Shire Council has released its draft budget for 2018/2019 financial year on Wednesday
during its monthly Council meeting.

Yarriambiack Shire Council Mayor Graeme Massey said that Council had determined, as part of the 2018/19 budget process, not to apply for a rate increase above the 2.25 percent set by the Victorian Government’s Fair Go Rates System (FGRS) which applies a limit on the rate increase that can be raised by Victorian Council’s.


He said that Council had spent a significant amount of time and effort in what was a very thorough and challenging budget process.

As in previous years, a large proportion of this year’s budget deliberations were allocated to critically reviewing and assessing Council’s current service provisions.


Council in accordance with the Local Government Act 1989 Section 159 has also increased the Municipal Charge from $71.83 to $73.44 on all properties.

Mayor Massey believed that the Council Municipal Charge rate is one of the lowest in the State.

The kerbside collection charge will increase by 2.25 percent and the recycling charge will increase by eight percent per service due to the increase cost of disposing of recycling materials.

Farm rates

Mayor Massey added that Council had maintained the rate differential provided to farmers at 23 percent.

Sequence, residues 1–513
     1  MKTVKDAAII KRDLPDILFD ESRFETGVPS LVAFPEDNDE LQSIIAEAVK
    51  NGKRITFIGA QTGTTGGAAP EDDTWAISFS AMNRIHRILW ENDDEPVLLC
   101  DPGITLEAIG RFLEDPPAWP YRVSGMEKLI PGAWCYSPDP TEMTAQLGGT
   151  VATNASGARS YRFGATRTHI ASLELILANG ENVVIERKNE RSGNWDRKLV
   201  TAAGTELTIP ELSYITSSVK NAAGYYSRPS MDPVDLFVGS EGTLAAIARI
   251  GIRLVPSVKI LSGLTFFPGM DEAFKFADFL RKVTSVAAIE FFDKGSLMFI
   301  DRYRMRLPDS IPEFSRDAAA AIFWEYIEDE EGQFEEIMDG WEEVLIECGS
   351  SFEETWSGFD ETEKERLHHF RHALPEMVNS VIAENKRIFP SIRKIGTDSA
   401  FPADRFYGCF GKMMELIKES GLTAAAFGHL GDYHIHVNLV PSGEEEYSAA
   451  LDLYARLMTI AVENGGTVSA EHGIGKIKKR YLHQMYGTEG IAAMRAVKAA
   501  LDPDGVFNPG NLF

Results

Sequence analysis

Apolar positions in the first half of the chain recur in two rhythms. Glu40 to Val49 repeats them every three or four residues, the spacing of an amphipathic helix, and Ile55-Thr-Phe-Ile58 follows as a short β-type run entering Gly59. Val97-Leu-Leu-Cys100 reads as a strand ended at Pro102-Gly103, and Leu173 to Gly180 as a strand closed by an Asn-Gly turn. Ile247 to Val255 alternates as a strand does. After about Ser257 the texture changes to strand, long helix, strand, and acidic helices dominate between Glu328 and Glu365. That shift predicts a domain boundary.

This means that the farming rate will be 23 percent less than the general rate for residential and commercial properties.

Differential rates are where Councils set different rates in the dollar for different categories of rateable land. Councils are able to levy either a uniform rate across
all properties, or one or more differential rates.

Differential rates are usually used to achieve greater equity or efficiency.


After several months of deliberation, Yarriambiack Shire Council is particularly confident that it has formulated a balanced budget that delivers on many of the strategies, considerations and priorities identified in the four year

Council Plan.

Council had also taken a number of crucial external and internal influences and factors into consideration which will impact significantly on the services provided and delivered by Council, including escalating direct and in-direct general costs.


Mayor Massey said that he was particularly appreciative of the input received from the community as it was generally extremely well presented.

He also said that communities had in recent years become more appreciative and understanding of the confines of Council’s budget and the difficulty Council had in maintaining and balancing existing service levels and provisions without increasing rates unrealistically.

Balancing act

The budget is always a delicate and challenging juggling act with care taken to ensure that service provision and community needs are a priority.

“When examining and planning for both the short and long term it is encouraging that the community is interested and aware of the budgetary process, this offers capacity for partnerships and collaborative working relationships,” Mayor

Massey said. A collaborative approach linking partnerships with stakeholders is the key element to achieving the best results for our communities.

Grant funding